Here’s how I first met Loopy Lew.
Late at night and somewhere not quite close enough to King’s Cross it was already light in that weak, wet sort of way that doesn’t have enough people up yet to make it any brighter. And heading home from the Angel we’re taking the canal. We can sort of see the station but mostly we can see bloody great gas towers. There’s only one of those now (I heard the other day) and like the only person to enter an unlikely beauty contest they’re having to make out how wonderful it is. But then and they’re everywhere these gas towers. Great pods from Mars ready to unscrew and bring about heat rays and the red weed. Only it’s so early on a Sunday morning the invaders aren’t up, only us.
Lew was sat on the bank of the canal, fishing. At least he held a piece of string and the other end was in the water so it was either that or his dog was dead, drowned and sinking. Three of us I think and all going back to mine and Moz’s, at Borehamwood, because after the clubs going somewhere other than home meant the party hadn’t finished. Or bringing people back, four to each two-seater sofa, likewise. We’d all gone through tired and were in that pleasant, slightly distant weariness only good for tea, company or long, lazy sex. The last had no place in King’s Cross as far as my experiences went and so we plumbed for the closest of what remained and sat down too, and that was how I met Loopy Lew.
We called him Loopy. It might have been Andy, or Gary, or Moz, or Tracey, or B, or Chaz, or Osc, or who knows – someone who was there, who did, and because he had on a PWEI t-shirt, that above. See? Witty. As things went he came back with us and vanished that afternoon convinced he was in Peckham.
I last saw Loopy Lew yesterday because Loopy Lew died a week ago. His wife called me, to tell me. To tell me that ‘Graham’ had died. It took some time and most of it embarrassed for me to work out she had meant Loopy. She was working her way down his phone book, he still had a little book for that – like me – and my number was there and she was calling in case. The name is not so strange I should say. An awful lot of people back then were called other than that given. Names were often given. My favourites were two girls, Tizer and Xerox. I can’t recall their actual names. It’s probably the case that I never knew them.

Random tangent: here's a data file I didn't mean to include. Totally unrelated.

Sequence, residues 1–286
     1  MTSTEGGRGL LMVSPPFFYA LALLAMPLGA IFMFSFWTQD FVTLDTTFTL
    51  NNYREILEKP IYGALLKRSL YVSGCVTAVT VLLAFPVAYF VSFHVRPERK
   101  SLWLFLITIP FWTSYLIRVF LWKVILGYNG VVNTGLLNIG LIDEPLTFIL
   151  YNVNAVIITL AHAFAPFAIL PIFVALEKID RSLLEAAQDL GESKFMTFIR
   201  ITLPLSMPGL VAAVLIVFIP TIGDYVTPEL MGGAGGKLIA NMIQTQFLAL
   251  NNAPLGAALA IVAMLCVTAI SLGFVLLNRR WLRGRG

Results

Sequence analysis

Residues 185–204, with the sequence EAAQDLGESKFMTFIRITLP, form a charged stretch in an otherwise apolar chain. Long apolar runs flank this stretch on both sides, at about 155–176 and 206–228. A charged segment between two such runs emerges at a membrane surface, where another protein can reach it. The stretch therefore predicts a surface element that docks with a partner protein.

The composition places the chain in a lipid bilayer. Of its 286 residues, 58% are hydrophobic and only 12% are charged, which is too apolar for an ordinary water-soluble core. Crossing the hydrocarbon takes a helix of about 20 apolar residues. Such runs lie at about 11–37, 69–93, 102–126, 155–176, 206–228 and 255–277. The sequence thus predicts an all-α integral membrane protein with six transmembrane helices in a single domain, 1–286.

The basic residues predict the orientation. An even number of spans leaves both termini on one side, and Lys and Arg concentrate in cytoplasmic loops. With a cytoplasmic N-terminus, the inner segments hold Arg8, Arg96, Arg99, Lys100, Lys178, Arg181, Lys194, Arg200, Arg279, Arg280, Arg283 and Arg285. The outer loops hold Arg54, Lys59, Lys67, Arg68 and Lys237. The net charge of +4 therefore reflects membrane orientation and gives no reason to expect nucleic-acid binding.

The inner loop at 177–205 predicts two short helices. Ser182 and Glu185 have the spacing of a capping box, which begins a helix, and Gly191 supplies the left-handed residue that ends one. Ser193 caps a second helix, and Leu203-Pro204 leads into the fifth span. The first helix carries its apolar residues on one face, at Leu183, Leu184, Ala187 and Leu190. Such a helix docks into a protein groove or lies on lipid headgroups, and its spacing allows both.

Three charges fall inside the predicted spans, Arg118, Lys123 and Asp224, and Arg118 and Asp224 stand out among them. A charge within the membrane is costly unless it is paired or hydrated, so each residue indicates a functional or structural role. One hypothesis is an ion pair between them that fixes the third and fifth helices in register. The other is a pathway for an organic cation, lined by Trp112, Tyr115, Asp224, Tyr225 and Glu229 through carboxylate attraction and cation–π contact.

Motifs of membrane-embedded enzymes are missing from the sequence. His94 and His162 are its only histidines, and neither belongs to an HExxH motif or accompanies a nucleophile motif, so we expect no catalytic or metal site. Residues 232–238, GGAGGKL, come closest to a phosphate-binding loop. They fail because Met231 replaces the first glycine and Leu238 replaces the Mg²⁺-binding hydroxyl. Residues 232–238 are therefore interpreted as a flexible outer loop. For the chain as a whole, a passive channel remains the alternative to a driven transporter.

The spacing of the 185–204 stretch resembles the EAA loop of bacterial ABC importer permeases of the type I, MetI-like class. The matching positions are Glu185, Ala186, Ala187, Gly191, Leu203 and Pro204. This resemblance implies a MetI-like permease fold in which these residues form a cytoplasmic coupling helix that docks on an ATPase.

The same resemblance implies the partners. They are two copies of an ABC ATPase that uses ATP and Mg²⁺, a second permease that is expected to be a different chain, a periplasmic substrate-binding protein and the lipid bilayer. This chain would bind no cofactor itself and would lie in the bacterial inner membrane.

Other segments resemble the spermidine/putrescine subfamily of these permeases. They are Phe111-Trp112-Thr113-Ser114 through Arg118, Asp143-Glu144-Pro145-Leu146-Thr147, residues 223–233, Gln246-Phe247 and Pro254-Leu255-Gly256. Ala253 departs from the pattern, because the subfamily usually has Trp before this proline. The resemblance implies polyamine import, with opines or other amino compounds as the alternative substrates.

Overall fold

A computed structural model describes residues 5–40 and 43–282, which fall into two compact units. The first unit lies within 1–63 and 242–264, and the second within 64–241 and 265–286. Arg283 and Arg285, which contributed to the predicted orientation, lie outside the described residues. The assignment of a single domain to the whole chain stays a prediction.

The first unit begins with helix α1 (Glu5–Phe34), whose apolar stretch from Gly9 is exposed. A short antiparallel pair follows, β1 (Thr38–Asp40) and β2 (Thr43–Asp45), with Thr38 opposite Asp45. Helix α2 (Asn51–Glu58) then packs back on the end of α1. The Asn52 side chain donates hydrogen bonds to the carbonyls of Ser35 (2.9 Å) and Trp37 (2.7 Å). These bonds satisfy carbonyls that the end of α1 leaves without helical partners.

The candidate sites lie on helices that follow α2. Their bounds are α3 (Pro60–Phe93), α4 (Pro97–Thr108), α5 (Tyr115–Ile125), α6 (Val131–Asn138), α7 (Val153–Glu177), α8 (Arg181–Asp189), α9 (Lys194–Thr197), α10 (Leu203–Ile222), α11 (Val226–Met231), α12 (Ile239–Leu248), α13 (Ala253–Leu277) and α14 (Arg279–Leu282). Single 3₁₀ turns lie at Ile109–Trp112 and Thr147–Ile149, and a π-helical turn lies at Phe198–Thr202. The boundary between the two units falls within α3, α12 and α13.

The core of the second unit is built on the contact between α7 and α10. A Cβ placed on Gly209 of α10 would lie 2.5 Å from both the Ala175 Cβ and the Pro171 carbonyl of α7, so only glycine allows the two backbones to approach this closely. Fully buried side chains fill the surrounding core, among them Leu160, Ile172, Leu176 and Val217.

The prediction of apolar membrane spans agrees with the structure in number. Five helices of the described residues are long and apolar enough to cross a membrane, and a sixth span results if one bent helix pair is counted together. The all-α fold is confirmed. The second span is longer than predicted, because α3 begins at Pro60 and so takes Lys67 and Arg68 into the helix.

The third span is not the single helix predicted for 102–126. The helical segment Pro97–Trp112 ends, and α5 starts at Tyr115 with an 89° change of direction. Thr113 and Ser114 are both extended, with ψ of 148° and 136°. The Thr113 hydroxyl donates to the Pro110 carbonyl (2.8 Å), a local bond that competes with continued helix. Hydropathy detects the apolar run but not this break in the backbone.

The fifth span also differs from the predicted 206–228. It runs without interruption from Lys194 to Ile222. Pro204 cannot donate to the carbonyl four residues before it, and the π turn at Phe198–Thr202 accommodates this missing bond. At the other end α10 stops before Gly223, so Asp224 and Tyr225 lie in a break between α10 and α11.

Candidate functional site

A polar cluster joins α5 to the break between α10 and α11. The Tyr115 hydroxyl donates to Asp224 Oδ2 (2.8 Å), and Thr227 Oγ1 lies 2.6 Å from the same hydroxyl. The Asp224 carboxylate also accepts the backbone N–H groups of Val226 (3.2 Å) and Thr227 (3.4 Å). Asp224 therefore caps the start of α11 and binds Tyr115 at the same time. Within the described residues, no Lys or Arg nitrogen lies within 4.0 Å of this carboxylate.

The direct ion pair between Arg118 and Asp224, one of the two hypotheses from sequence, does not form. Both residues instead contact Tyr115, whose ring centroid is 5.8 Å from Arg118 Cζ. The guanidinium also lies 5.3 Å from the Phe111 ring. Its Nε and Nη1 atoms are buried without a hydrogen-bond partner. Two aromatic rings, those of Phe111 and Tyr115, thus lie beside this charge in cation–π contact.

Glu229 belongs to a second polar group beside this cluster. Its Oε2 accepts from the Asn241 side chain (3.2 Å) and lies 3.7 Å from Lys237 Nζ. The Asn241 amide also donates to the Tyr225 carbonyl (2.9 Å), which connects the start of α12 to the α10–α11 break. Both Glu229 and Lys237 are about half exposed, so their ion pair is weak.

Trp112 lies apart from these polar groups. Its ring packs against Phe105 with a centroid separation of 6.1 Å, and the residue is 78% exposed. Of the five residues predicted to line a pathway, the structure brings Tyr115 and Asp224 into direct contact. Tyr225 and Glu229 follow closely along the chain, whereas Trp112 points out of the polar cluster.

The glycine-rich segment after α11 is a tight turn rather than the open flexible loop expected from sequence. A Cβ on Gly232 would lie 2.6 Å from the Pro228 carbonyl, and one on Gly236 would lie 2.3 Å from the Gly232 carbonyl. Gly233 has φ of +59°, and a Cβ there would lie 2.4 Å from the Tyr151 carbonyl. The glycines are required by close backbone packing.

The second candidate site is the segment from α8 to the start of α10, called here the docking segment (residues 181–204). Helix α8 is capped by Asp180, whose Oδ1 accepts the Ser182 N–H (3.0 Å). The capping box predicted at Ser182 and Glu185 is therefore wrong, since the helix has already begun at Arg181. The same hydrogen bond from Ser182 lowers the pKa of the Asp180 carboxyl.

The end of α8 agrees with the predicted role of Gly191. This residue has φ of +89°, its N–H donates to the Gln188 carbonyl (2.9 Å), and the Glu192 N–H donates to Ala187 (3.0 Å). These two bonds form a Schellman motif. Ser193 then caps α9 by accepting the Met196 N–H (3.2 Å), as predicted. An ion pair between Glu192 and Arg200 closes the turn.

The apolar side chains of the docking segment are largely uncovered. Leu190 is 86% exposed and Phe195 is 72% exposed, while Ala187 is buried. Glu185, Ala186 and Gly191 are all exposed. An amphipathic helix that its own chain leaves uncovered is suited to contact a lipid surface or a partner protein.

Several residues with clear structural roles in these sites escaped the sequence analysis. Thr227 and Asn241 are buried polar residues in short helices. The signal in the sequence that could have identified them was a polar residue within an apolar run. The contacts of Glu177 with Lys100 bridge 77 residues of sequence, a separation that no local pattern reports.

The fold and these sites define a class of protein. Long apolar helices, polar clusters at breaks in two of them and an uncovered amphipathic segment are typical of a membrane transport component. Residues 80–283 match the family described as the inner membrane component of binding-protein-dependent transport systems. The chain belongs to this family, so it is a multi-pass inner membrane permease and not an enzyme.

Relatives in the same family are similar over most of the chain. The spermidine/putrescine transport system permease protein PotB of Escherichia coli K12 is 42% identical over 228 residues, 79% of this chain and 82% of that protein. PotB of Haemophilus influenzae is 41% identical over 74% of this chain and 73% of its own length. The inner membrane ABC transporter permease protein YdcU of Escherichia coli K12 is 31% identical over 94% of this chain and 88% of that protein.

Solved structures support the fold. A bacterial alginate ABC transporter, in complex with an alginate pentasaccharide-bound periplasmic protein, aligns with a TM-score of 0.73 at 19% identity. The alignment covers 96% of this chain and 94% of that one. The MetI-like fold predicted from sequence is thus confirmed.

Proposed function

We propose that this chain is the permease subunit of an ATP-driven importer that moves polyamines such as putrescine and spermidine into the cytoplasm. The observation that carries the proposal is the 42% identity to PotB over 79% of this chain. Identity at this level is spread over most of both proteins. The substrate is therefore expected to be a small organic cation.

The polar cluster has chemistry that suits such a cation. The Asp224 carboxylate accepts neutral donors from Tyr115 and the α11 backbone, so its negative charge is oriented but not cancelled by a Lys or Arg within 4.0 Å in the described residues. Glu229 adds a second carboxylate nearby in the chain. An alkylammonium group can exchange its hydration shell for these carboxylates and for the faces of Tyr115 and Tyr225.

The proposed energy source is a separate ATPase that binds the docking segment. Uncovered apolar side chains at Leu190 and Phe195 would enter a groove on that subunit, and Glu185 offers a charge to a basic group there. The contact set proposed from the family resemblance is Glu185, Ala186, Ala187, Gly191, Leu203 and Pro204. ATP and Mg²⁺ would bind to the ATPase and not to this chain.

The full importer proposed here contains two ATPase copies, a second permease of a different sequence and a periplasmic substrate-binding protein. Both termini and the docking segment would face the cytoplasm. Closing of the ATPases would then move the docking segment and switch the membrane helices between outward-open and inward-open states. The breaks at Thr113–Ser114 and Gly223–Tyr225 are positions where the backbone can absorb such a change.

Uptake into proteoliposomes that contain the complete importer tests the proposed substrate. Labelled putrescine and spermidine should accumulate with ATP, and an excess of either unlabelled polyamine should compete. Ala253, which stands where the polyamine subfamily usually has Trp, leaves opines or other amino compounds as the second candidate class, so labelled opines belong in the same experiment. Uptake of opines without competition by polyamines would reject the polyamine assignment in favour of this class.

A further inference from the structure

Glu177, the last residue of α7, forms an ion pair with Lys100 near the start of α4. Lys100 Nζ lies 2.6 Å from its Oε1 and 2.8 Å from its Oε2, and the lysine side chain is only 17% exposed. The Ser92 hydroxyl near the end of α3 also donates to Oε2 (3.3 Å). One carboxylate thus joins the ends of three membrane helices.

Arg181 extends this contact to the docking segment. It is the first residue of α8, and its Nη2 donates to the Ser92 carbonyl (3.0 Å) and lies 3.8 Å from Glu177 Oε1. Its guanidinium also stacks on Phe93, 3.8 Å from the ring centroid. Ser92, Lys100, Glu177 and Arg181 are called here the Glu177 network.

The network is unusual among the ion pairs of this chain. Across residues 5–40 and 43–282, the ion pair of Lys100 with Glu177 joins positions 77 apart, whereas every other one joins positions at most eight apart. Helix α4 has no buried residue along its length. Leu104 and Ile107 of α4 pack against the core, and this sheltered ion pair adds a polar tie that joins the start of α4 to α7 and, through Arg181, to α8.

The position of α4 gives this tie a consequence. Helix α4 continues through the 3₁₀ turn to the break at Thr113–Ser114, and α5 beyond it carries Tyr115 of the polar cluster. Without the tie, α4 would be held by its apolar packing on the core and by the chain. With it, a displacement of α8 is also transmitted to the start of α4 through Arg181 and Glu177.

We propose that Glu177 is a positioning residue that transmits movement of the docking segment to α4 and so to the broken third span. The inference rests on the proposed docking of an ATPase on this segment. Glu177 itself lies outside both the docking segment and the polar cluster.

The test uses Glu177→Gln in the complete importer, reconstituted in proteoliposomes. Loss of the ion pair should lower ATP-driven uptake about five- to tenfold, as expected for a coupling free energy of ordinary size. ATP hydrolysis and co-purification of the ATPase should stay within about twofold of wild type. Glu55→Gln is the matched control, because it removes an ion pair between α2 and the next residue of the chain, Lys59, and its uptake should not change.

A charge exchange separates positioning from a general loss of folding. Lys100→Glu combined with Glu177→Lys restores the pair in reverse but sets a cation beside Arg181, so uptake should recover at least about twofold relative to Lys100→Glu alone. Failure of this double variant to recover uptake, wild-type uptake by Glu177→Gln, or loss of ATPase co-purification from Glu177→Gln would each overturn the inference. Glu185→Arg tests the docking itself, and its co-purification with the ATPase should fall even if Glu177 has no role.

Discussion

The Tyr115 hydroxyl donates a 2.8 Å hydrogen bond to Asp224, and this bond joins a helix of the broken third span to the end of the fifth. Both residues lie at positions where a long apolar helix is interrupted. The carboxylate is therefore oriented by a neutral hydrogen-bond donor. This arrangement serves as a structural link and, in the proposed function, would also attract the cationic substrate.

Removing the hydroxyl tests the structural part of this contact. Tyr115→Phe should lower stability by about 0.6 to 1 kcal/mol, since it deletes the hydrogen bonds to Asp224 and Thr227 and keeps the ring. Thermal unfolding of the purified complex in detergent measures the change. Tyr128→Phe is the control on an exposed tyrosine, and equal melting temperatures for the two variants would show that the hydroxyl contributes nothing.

With this in mind then, a funeral. It occurred to me on the way that though my number is the same in Tolly Maw as it was in the Lakes, it’s not the same as it was a handful of addresses before that. I hadn’t spoken to Loopy Lew in ten years, so Croydon. Odd, true, but there are odder things. For example and there’s this, at this funeral there were about twenty of us and every single one of us knew Loopy Lew by a different name. And not just names, but person. And each utterly different. I knew a greebo called Loopy Lew. I shared a table and pint afterwards with a former girlfriend of his from Hove, who had come to see off Benny Jacobs, whom she had dated to start with to annoy her catholic parents. She had still been surprised despite our confused conversation that the funeral was not more Jewish, as he had been, though uncircumcised.
I heard about Dirty Dan who had been a roadie that only passed through Bedford occasionally. Of aggressive ‘Prince’ Albert whose boyfriend had always known he was in denial but had not known how much. Two men there had come to bury the son they had never known had been given up for adoption by one-night stands in the early 70s. There was an uncomfortable little man that had left very early but whom the girl with a thing for bands reckoned had been from some local hard right, or left, group – she couldn’t be sure. There was a younger man that had shared a flat with Des The Les in Leicester, where they had both gone to Uni there and who knew absolutely that Des had been a woman, or still was, or at least had worn a plastic willy. More and indeed everyone then but no one person the same even to his wife who had met him in America where they had been married although it seemed now, not legally.
She looked but found only the address book and a bank account at the then Abbey, in the name of Simon Hatcher – and thought she had tracked down her man, only Simon Hatcher was there too to see off a friend he had not seen for years as well. The building society account moved by address, over time, and kept topped up had somehow escaped everyone’s notice. The wife had the rent, the bills and the dog in her name.
Loopy Lew just wandered I think. He would go where he found himself, and being (to be fair) a friendly and agreeable fellow make friends and half the time let them make up his life.
He was cremated. The gravestone would either have been blank or crowded otherwise. But I disagree that we do not know who he was. He was everyone it seemed, and everyone died last week.